For Bautista and Morel, however, change is coming one child at a time. After one typically spirited, even goofy show, a dark-complexioned boy with his hair shaved close to his scalp approached Morel.

“I want to be part of your group,” the boy told the two women. “I want to be an Afro-descendent.”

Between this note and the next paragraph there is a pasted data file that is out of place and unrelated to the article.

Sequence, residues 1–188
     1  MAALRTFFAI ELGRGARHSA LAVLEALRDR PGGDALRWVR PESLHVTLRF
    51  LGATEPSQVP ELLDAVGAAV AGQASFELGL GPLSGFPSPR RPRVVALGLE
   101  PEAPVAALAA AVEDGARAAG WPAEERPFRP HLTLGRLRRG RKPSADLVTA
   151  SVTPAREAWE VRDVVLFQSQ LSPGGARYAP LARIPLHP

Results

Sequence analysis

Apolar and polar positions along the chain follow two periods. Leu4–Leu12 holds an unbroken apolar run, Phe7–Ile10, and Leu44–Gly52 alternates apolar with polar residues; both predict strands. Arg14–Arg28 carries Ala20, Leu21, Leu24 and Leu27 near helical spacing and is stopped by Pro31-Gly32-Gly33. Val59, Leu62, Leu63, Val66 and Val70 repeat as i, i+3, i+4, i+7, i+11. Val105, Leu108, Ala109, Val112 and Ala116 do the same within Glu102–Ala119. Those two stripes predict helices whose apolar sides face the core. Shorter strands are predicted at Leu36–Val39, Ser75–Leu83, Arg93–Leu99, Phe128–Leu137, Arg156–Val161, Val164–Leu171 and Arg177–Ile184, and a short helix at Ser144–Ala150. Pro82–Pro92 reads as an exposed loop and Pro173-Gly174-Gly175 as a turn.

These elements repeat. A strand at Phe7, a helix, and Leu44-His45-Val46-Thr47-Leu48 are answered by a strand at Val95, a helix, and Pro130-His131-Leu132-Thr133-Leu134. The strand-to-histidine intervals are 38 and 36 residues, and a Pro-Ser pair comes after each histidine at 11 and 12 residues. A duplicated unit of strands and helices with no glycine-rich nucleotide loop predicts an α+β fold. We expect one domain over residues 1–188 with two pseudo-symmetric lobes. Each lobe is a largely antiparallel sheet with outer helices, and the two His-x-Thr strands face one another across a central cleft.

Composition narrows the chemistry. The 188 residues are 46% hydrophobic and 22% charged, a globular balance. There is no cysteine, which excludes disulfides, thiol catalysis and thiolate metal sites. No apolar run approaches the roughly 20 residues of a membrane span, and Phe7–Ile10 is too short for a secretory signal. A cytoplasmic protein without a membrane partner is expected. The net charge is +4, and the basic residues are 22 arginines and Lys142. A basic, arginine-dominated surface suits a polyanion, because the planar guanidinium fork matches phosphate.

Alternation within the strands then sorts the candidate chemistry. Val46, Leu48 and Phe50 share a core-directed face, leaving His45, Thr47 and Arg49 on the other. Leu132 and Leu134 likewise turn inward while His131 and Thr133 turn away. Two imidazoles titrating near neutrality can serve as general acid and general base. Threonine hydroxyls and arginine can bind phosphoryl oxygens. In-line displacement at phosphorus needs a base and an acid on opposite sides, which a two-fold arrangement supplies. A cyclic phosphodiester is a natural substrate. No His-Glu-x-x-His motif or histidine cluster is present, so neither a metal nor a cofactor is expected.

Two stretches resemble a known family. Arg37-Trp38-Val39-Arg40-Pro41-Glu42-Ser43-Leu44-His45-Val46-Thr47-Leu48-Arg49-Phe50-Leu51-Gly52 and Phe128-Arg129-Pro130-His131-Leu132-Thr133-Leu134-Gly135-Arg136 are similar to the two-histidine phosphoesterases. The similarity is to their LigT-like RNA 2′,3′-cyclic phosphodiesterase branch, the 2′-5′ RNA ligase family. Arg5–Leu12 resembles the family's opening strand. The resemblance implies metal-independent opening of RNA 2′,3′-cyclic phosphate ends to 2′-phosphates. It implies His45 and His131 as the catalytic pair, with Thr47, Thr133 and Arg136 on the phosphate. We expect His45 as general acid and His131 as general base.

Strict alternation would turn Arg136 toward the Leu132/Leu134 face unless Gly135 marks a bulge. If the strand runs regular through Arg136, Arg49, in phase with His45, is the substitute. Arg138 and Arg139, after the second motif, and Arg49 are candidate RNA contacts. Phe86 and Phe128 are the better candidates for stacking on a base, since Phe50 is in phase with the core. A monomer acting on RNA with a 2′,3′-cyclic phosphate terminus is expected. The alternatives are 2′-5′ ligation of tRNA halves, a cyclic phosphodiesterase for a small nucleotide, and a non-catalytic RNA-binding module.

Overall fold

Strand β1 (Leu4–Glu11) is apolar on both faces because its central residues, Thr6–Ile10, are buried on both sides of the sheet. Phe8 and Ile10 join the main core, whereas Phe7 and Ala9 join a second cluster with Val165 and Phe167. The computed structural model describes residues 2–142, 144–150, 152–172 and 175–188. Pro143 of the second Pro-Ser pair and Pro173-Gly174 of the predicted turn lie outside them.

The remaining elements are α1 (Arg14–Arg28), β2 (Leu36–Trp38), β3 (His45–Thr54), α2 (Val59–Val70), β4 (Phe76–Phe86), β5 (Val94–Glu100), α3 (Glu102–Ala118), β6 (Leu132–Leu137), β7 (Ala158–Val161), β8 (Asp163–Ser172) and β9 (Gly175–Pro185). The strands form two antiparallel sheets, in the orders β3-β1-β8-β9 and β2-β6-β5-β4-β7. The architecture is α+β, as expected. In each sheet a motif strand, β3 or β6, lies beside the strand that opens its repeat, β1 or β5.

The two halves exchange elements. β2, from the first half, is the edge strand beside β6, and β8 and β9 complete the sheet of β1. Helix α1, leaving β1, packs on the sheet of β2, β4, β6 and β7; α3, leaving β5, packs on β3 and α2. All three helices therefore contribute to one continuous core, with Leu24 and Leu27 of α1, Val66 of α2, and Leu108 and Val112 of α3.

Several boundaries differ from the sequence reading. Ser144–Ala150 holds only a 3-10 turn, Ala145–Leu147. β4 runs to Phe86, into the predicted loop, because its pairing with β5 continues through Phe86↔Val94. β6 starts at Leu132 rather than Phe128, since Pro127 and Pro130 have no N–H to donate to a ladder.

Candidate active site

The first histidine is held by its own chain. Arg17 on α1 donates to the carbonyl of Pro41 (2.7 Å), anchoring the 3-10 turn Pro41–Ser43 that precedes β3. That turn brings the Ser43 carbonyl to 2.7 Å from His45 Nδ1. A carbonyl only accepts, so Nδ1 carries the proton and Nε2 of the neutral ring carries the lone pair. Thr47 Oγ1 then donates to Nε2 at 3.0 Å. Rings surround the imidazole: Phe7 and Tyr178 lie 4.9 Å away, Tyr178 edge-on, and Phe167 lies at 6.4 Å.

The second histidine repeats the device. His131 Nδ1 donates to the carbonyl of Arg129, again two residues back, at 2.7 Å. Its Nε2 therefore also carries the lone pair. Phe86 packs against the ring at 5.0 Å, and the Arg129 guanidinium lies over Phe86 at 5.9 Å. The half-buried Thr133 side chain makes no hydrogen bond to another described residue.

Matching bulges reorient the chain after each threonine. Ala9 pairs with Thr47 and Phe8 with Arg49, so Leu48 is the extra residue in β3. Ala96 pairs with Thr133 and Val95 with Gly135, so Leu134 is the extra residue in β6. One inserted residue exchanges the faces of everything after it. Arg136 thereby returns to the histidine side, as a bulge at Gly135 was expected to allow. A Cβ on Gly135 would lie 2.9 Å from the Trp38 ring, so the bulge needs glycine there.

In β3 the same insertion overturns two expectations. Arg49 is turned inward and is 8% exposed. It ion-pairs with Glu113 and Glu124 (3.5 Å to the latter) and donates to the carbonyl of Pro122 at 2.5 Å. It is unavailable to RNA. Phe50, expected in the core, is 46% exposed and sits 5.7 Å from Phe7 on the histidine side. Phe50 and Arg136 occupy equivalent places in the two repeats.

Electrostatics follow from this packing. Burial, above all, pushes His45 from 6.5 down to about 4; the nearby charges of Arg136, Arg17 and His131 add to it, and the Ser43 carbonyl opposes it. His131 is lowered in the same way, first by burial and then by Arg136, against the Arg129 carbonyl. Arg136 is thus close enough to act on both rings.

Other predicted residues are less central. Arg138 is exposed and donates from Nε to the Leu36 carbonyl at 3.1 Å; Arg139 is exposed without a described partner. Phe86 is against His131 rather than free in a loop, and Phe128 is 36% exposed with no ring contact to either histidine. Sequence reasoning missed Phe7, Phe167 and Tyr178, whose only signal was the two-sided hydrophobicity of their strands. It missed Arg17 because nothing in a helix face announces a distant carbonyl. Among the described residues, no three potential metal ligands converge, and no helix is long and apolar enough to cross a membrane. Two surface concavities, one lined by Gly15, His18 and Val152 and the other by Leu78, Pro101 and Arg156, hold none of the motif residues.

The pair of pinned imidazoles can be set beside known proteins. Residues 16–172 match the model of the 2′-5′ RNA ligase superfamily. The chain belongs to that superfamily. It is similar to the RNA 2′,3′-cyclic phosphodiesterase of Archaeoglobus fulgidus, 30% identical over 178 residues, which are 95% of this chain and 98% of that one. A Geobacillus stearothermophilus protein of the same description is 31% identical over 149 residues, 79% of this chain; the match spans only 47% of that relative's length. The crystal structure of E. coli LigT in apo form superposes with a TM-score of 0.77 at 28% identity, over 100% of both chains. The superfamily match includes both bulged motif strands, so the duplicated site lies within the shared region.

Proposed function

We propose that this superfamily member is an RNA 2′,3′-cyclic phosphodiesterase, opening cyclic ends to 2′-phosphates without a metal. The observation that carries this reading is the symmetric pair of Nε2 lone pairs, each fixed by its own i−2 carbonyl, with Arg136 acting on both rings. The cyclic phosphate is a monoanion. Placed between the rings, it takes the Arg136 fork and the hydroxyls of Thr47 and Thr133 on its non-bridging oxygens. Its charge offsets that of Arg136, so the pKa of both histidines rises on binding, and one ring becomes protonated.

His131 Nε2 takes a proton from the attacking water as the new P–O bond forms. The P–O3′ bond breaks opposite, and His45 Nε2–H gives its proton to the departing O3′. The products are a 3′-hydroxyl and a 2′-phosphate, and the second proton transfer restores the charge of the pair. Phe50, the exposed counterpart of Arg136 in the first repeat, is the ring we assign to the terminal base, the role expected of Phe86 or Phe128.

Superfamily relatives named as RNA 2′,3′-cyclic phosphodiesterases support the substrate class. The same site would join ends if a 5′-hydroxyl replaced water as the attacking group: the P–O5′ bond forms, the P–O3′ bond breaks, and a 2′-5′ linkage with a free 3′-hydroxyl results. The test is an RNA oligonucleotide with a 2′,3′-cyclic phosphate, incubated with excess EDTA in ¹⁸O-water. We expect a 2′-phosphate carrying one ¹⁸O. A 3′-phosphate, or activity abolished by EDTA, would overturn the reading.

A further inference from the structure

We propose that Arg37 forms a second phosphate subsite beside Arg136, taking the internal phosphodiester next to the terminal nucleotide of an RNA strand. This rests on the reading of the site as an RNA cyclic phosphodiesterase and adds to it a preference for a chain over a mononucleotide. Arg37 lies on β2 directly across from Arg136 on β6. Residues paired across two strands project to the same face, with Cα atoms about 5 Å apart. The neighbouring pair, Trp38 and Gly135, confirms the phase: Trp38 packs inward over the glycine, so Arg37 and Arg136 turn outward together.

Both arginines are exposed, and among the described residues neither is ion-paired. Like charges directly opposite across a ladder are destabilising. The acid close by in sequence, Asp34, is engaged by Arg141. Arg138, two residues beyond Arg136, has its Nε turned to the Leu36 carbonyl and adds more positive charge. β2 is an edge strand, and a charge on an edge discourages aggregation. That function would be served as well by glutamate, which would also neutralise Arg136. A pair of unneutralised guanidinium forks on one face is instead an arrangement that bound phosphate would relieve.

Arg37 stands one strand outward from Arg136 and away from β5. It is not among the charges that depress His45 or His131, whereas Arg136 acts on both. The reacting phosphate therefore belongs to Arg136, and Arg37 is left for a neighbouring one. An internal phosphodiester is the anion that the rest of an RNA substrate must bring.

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Hip Hop and Internalized Racism

English: Hip hop icon

English: Hip hop icon (Photo credit: Wikipedia)